“Beijing’s attempts to intimidate and silence those speaking out for human rights and fundamental freedoms only contribute to the growing international scrutiny of the ongoing genocide and crimes against humanity in Xinjiang,” Blinken said in a statement.
He spoke out after China announced sanctions against two Americans, a Canadian and a rights advocacy body, in response to sanctions imposed this week by the two countries over Beijing’s treatment of the Uyghur minority.
Blinken called the sanctions on the two members of the US Commission on International Religious Freedom “baseless.”
At least one million Uyghurs and people from other mostly Muslim groups have been held in camps in China’s Xinjiang region, according to rights groups, who accuse authorities of forcibly sterilizing women and imposing forced labor.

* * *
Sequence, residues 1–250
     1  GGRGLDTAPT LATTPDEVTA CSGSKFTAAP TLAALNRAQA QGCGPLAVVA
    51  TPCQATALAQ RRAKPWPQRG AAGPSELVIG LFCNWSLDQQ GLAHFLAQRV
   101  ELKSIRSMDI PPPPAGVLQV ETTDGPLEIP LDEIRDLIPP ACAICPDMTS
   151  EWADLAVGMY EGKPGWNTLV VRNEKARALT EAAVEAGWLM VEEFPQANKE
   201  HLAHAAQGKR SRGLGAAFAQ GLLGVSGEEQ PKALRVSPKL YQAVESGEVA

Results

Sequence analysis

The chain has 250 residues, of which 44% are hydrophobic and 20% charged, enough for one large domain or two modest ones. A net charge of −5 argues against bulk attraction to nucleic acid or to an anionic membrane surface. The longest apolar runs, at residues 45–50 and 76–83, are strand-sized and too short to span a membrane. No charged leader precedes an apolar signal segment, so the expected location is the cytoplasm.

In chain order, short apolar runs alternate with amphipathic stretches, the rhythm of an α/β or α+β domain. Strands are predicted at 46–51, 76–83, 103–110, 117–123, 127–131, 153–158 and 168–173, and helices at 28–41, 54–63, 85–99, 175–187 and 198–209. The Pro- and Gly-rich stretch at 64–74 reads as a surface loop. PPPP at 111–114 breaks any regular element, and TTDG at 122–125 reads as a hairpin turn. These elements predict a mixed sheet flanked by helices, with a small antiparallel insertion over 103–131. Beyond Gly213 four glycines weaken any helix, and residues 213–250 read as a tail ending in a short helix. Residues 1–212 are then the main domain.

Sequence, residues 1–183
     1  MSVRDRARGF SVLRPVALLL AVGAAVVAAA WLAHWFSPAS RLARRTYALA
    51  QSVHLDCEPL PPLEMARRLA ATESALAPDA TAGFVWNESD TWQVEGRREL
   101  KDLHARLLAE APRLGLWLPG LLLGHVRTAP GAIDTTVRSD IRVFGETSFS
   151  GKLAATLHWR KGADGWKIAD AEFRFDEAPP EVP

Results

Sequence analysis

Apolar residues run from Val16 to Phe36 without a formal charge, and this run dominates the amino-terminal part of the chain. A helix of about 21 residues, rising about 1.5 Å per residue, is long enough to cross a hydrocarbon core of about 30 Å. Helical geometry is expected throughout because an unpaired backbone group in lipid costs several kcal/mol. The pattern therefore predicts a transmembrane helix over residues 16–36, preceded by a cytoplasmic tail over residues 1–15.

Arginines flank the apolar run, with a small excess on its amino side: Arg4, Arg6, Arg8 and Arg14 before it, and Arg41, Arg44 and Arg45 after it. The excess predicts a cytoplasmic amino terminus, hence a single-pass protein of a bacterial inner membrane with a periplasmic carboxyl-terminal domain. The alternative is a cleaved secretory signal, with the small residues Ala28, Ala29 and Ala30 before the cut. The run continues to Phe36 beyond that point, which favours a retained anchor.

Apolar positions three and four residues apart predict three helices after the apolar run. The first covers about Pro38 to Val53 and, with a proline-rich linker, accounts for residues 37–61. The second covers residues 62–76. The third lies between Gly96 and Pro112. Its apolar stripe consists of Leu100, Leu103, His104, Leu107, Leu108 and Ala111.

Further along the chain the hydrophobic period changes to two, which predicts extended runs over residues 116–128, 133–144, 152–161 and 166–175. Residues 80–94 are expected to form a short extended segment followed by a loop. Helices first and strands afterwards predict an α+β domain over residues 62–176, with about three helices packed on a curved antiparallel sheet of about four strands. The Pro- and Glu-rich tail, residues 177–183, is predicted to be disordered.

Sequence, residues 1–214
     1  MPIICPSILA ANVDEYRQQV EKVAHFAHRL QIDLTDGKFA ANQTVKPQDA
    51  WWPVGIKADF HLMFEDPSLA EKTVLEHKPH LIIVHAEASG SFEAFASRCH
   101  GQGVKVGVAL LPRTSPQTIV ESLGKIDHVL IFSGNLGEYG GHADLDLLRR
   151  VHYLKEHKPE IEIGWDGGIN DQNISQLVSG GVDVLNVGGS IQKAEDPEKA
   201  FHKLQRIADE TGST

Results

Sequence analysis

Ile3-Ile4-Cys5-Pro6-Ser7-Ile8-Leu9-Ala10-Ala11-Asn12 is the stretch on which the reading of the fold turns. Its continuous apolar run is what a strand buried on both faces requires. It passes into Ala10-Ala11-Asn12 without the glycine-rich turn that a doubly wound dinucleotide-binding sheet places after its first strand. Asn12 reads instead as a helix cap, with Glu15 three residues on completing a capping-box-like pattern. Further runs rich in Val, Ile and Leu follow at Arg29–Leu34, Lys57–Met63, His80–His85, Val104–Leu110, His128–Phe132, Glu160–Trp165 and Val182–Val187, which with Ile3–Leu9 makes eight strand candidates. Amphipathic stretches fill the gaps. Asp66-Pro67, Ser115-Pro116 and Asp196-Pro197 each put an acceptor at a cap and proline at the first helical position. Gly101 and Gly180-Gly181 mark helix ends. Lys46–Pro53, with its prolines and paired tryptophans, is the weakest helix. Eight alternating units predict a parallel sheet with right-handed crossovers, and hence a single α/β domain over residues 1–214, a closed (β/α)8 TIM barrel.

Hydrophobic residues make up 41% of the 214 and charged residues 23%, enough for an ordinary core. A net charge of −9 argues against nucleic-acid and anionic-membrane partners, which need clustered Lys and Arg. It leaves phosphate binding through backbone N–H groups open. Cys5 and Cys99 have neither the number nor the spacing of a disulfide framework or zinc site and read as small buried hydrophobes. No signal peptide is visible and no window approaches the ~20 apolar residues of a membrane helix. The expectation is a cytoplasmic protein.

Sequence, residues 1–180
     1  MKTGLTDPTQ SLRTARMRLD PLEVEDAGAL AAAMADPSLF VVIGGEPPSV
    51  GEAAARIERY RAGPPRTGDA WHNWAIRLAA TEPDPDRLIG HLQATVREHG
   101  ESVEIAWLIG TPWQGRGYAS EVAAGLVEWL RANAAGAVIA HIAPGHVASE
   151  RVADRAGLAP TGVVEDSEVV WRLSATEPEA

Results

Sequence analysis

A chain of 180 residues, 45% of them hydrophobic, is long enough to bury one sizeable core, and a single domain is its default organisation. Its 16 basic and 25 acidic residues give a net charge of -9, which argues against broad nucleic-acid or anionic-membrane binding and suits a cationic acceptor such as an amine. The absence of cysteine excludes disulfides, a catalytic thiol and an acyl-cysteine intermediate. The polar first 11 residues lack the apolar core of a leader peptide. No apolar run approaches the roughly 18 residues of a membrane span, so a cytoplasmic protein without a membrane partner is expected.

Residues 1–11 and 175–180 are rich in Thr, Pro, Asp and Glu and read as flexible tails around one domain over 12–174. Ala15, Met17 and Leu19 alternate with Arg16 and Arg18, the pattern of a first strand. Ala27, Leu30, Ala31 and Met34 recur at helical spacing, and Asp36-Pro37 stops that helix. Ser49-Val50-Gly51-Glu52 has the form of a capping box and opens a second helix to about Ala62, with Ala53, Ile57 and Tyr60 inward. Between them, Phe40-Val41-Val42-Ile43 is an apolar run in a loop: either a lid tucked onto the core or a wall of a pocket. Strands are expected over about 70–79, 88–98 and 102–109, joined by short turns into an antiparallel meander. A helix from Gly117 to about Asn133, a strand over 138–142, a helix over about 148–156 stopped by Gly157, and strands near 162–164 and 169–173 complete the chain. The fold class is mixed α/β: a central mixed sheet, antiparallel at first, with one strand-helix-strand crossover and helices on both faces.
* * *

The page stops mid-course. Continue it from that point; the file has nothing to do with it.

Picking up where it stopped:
The European Union, Britain, Canada and the United States have sanctioned several members of Xinjiang’s political and economic hierarchy in coordinated action over the allegations, prompting retaliation from Beijing in the form of sanctions on individuals from the EU and Britain.
“We stand in solidarity with Canada, the UK, the EU, and other partners and allies around the world in calling on the PRC to end the human rights violations and abuses against predominantly Muslim Uyghurs and members of other ethnic and religious minority groups in Xinjiang and to release those arbitrarily detained,” Blinken said.